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In an interview with Gizmodo, Senator Ron Wyden revealed that he’ll introduce legislation next week that, if passed, would stop the recent Supreme Court change to what’s known as “Rule 41,” which gave the government broader hacking power.

The Department of Justice has been pushing for the rule change for years, and it was finally granted by the Supreme Court in April. The new rule allows federal judges to grant warrants to agencies like the FBI to deploy “Network Investigative Techniques” (malware) to search any number of computers, be it 10 or 100,000, even if they don’t know what jurisdiction the computers are in. The rule change also allows judges to grant warrants to search the computers of victims of cybercrime, even if that person hasn’t been suspected of a crime. Congress has six months to oppose the rule change or else it will automatically go into effect.

Obviously, there’s an array of problems here. The FBI has kept the American public in the dark about how exactly they carry out hacking. We don’t know what the current hacking procedures are, what protections exist, how often it happens, or what tools the FBI is using to carry out hacks. As Neema Singh Guliani of the ACLU Legislative Counsel told Gizmodo when the rule change was announced, “You can pretty much name the question and we probably don’t have an answer.”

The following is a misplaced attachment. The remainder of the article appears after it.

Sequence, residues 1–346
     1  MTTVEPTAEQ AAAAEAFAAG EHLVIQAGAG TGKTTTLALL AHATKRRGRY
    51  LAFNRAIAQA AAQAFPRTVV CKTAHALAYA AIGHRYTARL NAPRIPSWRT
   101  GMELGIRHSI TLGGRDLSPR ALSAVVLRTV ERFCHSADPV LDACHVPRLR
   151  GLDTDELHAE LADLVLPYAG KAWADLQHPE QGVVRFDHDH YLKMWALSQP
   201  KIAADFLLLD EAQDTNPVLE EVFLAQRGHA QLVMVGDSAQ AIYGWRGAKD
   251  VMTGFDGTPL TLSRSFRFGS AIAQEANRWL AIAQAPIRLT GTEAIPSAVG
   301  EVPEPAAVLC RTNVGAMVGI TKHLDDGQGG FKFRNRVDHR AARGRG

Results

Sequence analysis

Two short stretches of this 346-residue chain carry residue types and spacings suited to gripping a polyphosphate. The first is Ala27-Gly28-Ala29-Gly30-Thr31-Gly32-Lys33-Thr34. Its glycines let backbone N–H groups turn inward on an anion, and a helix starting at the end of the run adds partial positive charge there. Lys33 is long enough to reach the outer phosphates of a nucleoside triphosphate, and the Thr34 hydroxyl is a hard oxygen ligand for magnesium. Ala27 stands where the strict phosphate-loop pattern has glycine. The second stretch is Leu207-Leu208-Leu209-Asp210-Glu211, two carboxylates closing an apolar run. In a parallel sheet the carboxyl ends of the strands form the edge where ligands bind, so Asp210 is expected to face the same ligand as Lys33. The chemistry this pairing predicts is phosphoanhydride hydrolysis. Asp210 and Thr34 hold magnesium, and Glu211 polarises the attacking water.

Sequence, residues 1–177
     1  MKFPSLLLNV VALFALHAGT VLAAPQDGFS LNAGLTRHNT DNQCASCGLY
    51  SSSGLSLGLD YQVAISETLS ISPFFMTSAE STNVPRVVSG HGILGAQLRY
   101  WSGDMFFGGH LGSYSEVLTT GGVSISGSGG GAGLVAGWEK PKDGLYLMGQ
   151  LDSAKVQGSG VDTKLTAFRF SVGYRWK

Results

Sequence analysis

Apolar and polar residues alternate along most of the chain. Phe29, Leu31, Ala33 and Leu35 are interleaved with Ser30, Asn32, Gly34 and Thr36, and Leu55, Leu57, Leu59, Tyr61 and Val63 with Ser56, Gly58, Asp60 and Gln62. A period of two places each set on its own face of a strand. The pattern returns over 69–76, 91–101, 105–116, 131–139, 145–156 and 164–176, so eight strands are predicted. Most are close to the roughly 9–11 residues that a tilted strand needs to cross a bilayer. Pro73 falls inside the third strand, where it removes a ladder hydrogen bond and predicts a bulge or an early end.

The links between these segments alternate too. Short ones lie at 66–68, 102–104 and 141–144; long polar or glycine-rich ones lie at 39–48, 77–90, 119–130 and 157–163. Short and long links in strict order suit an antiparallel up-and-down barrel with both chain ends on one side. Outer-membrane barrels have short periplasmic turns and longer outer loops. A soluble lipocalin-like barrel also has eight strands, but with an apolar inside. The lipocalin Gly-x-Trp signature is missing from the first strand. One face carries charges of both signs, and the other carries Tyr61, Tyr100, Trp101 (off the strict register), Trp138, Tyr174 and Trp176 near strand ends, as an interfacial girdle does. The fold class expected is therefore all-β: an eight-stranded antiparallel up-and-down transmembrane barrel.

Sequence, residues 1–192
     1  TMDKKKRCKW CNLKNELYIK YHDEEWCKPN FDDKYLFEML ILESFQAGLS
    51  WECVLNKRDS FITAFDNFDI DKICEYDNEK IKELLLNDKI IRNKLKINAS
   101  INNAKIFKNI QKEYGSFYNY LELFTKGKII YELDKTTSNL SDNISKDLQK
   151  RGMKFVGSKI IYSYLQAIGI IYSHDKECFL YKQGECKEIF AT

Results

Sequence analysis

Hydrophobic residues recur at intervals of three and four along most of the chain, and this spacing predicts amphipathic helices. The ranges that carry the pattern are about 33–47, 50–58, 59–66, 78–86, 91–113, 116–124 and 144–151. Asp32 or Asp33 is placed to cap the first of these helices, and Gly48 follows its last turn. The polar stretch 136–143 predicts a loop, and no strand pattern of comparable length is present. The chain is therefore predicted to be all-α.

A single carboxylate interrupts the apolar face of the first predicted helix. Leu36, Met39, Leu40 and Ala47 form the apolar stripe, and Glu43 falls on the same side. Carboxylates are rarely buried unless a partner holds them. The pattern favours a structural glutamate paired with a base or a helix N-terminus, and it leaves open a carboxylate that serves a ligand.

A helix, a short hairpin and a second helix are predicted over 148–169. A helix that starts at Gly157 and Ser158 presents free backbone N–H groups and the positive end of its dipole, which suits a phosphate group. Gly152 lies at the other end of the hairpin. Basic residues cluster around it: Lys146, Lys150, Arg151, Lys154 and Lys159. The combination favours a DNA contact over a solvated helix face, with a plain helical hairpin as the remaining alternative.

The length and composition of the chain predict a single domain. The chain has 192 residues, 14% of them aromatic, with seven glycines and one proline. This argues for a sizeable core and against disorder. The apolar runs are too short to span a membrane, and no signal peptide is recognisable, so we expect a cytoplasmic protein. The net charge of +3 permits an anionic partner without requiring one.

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Then there’s the question of infecting computers with malware in order to search them. In an interview with Gizmodo, Senator Wyden aired his concerns.

“By compromising computer systems, it could leave it open to other attackers. What if the government has to turn off the computer’s protections to search it?,” he said. “So if the government is out there turning of millions of security features in order to search computers, my view is that there could be some serious security threats.”

The legislation Wyden plans to introduce next week will be just one sentence, simply stating that the changes to rule 41 will not go into effect.

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“What I hope is that the House and Senate Judiciary committees will start looking into the rule,” Wyden said. “They’ll start looking at our bill and and Senators would realize that this is the question for the Congress. An agency like the Department of Justice shouldn’t just be able to wave its arms around and grant itself vast new powers. The changes to rule 41 dramatically expand the government’s hacking authority.”

In the end, Wyden is concerned that the proposed rule change doesn’t lay out any protections for innocent citizens, and also gives federal judges, who typically don’t understand the intricacies of the FBI’s malware, a lot of power.

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“For me the bottom line is any proposal in this area has gotta have more protections for law abiding Americans,” Wyden said. “And I am not convinced the oversight of a single judge is the best way to do this.”